Hate Not 'Humorous' to Long Island Paper

Earlier this year Pamela Geller's scheduled appearance to talk about “free speech” at a Long Island Synagogue created unrest and controversy in New York's Jewish community after the Synagogue Men’s Club first invited, then disinvited the infamous anti-Muslim blogger. Geller, who is the leader of an organization designated as a hate group by the Southern Poverty Law Center, later attacked the Synagogue for choosing to "bow down,” but it was the exchange between supporters of her hate group and a local newspaper that grabbed our attention.

On April 11, 2013 The Island Now posted an editorial covering the unfortunate willingness of religious institutions to host Geller's hate-mongering, and the lack of rational expressed by Geller's supporters in attendance (one Geller admirer alleged 75% of Muslims in the US are trying to force their religion on non-Muslims). 

In response to the editorial, reader Joan Swirsky submitted a letter to the editor of The Island Now passionately defending Geller. According to Swirsky, we should overlook Geller's affiliation with a designated hate group because she is “soft-spoken" and "often humorous."

The letter to the editor then goes on to argue Geller is not a bigot. And to prove it, includes a link to watch Geller’s tirade. If you click on that link and watch the nearly thirty minute performance, you would hear Geller call Muslims "the greatest threat to free men."

Thankfully the Island Now recognized that Geller and her supporters happen to be one of the greatest threats to common sense. In an unprecedented move, the online paper wrote a response to debunk a letter to the editor from one of its own readers. The Island Now stood strong behind its editorial, insisting hate speech does not belong at a religious event. 


The original response from the Island Now:

Our Views: We beg to differ

Posted By The Island Now: Thursday, May 16, 2013

We don’t often reply to letters from readers in this space. But the words of reader Joan Swirsky cannot stand without response.

Swirsky wrote about an editorial in which we called activist Pamela Geller a “bigot” and criticized Great Neck Chabad for inviting Geller to speak on April 14.

She writes that “Geller is soft-spoken, often humorous, and the opposite of hateful.”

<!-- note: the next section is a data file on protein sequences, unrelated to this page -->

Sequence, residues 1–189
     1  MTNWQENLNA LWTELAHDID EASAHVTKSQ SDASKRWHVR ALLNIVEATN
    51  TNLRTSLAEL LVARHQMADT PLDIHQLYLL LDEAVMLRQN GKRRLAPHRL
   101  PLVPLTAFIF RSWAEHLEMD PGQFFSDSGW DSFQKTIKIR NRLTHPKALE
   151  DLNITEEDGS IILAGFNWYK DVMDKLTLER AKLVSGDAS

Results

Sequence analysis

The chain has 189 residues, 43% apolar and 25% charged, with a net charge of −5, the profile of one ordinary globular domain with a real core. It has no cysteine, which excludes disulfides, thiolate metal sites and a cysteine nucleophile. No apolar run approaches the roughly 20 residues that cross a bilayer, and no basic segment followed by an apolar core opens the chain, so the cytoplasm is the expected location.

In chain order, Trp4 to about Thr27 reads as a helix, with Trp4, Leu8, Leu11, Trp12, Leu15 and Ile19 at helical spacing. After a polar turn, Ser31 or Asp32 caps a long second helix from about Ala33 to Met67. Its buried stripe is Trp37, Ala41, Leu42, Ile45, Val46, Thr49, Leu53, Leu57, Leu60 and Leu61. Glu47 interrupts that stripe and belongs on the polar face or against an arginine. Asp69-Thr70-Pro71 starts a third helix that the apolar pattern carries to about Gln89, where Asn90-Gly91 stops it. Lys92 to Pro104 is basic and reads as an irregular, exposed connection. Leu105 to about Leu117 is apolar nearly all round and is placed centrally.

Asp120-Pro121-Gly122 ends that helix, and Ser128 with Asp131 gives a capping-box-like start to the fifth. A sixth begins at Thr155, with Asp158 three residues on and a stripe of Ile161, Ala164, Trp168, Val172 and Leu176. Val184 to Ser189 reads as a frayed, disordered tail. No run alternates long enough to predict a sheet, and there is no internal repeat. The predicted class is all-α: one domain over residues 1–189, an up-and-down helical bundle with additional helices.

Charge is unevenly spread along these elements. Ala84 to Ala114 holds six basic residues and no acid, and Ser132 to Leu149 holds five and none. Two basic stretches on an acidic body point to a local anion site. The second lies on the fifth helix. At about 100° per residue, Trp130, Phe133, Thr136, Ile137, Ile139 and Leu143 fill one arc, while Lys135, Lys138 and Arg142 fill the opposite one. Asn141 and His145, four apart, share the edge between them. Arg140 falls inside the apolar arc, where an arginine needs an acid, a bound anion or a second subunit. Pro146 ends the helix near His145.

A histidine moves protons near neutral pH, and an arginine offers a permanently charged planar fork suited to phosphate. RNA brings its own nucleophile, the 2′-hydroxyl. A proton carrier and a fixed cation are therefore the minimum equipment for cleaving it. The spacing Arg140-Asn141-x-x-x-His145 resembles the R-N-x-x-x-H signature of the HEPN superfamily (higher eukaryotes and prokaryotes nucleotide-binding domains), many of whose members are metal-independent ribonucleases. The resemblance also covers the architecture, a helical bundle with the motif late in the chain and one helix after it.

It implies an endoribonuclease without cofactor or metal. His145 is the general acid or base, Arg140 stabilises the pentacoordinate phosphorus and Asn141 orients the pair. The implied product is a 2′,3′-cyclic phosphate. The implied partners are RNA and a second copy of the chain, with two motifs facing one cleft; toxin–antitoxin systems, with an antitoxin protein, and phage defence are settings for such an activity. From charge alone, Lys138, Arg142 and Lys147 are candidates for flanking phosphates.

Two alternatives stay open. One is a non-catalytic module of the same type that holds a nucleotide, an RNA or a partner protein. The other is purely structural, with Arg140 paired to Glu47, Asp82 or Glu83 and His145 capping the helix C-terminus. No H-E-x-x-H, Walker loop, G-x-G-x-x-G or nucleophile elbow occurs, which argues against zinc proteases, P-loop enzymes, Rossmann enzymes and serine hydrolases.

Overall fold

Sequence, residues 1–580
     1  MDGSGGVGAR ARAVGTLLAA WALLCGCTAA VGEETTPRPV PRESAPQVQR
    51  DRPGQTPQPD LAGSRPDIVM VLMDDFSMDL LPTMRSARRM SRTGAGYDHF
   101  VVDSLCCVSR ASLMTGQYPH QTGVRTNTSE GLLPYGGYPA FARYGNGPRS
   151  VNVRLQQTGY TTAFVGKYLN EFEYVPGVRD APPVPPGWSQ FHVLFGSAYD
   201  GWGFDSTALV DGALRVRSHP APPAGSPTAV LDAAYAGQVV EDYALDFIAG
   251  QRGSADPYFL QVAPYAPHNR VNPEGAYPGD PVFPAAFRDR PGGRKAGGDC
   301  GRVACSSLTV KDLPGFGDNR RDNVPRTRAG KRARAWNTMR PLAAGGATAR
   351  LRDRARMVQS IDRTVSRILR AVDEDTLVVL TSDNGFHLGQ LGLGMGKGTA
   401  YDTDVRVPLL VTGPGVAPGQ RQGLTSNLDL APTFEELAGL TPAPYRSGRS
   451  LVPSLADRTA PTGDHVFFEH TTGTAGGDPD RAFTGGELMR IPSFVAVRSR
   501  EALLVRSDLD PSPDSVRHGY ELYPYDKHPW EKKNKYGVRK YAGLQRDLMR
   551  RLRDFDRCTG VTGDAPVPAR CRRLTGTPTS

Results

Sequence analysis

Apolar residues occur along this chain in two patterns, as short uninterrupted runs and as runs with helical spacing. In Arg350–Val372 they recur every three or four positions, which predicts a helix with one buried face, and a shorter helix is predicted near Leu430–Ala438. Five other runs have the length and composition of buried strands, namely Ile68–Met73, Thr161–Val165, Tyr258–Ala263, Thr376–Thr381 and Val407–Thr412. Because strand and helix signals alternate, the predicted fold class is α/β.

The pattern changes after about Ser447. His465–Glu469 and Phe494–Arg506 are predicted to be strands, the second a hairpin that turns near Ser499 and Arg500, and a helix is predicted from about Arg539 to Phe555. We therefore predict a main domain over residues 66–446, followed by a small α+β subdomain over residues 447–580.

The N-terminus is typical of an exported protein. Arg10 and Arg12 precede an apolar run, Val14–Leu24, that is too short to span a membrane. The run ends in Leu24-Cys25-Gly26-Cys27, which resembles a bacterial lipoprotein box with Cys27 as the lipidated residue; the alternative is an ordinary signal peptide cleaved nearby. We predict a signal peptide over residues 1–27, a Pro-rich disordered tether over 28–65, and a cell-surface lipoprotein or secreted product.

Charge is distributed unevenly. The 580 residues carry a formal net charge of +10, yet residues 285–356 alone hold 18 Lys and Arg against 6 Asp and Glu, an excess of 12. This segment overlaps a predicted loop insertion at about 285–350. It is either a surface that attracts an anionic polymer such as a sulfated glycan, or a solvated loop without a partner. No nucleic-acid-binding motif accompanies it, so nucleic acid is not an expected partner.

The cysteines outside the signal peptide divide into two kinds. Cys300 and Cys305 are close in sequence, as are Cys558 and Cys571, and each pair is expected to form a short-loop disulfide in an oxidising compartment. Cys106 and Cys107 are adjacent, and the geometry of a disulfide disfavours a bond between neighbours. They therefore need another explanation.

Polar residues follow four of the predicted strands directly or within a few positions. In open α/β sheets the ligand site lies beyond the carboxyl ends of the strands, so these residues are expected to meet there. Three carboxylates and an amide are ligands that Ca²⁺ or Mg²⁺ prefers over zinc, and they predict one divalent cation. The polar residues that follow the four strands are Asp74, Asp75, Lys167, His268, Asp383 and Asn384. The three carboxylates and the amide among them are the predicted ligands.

Really? Geller once posted a drawing on her blog of Muhammad with the head of pig superimposed over his own.  She also said that Muslims have sex with goats.

When she was criticized for this, Geller responded by saying, “I don’t know where it is in America that you can’t make jokes or make fun.”

On her blog, Atlas Shrugs, she posted a mock photograph of Supreme Court Justice Elena Kagan in a Nazi uniform and a doctored photograph showing President Obama urinating on an American flag and said the president had been involved as a youth with a “crack whore.”

That’s just a sample of Geller’s venom.

Swirsky asks if we would criticize an organization that invited a leader of the Klan or a Neo-Nazi to speak. Indeed we would, but as in the case of Geller, we would recognize their constitutional right to do so.

We would make an exception for a college or university that invited such vile people to participate in a debate-type format where their comments would be challenged.

That didn’t happen at Great Neck Chabad or when Geller spoke before the Nassau County Federation for Republican Women two weeks ago. Apparently the GOP on Long Island has written off everyone who worships in a mosque.

Swirsky then calls us “leftists” and compares us to Franklin Delano Roosevelt. We’re proud to be in the company of that great American hero. She claims that FDR, “abandoned the Jews to Hitler’s annihilation.”

She is as ignorant of history as she is about the free press.

In a review of the book, “Roosevelt & Hitler: Prelude to War,”  Robert Clive, writes thatthe author of this book“seeks to set the record straight by detailing how FDR worked relentlessly to involve the U.S. in a war against Hitler that the American people as a whole had no genuine interest in.”

We stand by our editorial and our belief that speakers who are divisive and hateful, even if they are “soft-spoken,” and “humorous,” should not be honored guests at religious or political events.

See original article here.


CAIR-New York applauded the efforts of the overwhelming majority of Long Islanders of diverse backgrounds and religions who opposed promoting Geller's hate at a religious center. CAIR-New York also applauds the Island Now for an act of journalistic courage. Unlike many mainstream media outlets who report about hate groups to drum-up viewership and controversy, the Island Now used the opportunity to stand against bigotry.